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Know your universe. Not just your list universe, but your market’s universe. Example: Your mailer wants to mail 1MM Registered Nurses (RN’s). If you scan the list market you may find 20+ RN compiled files, each having around 3MM records. Your marketing plan is to order names from 4, 5 or 6 different lists, thereby not putting all of your eggs in one basket. Good job, right? Not always. If you researched the industry universe you would find that according to the Center for Nursing Advocacy there were a total of 2.9MM RNs in 2004. So logic would say that while there are 20 different lists on the market, each having around 3MM records, they all have to include basically the same records. It doesn’t matter how many different sources are used… a defined universe is what it is. The main difference will be in the quality and recency of the records, not whether it was compiled from the internet, directories or any other source.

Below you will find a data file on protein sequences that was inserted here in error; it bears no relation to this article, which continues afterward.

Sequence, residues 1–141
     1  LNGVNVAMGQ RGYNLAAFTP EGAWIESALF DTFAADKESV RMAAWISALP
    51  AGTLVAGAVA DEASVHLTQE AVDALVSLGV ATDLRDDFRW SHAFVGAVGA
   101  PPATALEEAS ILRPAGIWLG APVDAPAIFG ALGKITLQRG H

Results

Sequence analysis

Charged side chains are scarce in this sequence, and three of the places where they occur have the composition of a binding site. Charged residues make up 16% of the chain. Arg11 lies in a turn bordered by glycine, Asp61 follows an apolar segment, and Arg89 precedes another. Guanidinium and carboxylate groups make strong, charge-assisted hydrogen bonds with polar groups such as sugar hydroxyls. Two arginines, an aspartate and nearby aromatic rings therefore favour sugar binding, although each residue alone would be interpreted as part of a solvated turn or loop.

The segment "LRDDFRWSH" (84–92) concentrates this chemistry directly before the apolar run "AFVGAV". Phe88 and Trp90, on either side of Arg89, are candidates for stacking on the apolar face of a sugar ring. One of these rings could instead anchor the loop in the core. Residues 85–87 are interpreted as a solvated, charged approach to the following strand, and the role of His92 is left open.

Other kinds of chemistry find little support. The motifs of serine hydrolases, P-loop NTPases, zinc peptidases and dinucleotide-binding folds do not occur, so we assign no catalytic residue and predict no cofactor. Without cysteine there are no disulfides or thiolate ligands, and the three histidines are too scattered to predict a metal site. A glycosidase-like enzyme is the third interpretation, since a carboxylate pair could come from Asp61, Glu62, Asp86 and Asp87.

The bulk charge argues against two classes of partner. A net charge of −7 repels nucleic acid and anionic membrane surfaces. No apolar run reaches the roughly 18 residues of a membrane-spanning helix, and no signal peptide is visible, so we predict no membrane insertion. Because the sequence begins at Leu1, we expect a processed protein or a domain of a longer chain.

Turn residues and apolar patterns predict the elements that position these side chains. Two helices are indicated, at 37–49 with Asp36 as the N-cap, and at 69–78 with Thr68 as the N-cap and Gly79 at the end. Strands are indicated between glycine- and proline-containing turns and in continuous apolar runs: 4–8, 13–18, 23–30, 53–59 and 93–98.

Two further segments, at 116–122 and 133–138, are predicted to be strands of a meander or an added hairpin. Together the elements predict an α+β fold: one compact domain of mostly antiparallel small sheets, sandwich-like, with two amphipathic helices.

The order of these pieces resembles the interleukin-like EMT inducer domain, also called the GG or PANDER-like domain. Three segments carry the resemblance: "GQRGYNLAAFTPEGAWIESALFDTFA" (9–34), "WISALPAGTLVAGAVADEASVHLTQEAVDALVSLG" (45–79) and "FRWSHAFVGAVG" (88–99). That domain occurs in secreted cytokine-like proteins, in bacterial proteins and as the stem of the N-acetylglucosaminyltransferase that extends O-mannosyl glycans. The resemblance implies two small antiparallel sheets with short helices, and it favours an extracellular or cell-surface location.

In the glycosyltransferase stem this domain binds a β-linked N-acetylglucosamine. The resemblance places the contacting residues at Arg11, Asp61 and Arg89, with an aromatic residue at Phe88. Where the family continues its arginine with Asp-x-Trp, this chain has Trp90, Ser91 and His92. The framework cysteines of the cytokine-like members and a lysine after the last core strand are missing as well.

So what do we recommend? Ask the right questions:

  • When was the entire list last run through NCOA?
  • How often is the entire file recompiled?
  • Does it update all at once, or state by state?
  • How (source) and where (USA or overseas) is the list compiled? 

Once you have those answers, you will be able to select the best lists... or list.

What about when your mailer demands that you find new sources? This is a difficult position, but we support brokers who want to educate their clients. A client needs to understand that by reducing the number of lists ordered, they will reduce their duplication rate and you will be able to negotiate better prices for them by ordering a higher quantity per order. Further, you can prove it to them by getting state counts from different compilers and showing that the numbers per state are virtually the same, concluding that they are basically the same records. If the numbers do not match, then you may have found an anomaly within the selected industry and truly found a source for additional records.

Most compilers are not going to help you ask, or answer these questions, since in essence it means that fewer names may be ordered. So why do we bring up questions that otherwise may not be asked? Quite honestly, we would rather not rent names then rent unneeded names. We are in business to offer solutions - necessary and valuable solutions - not to add to the glut of compiled names on the market. We consider ourselves a broker for brokers, not “managers” or “compilers”. Although we do represent list owners, they come to us understanding and backing our business philosophy.

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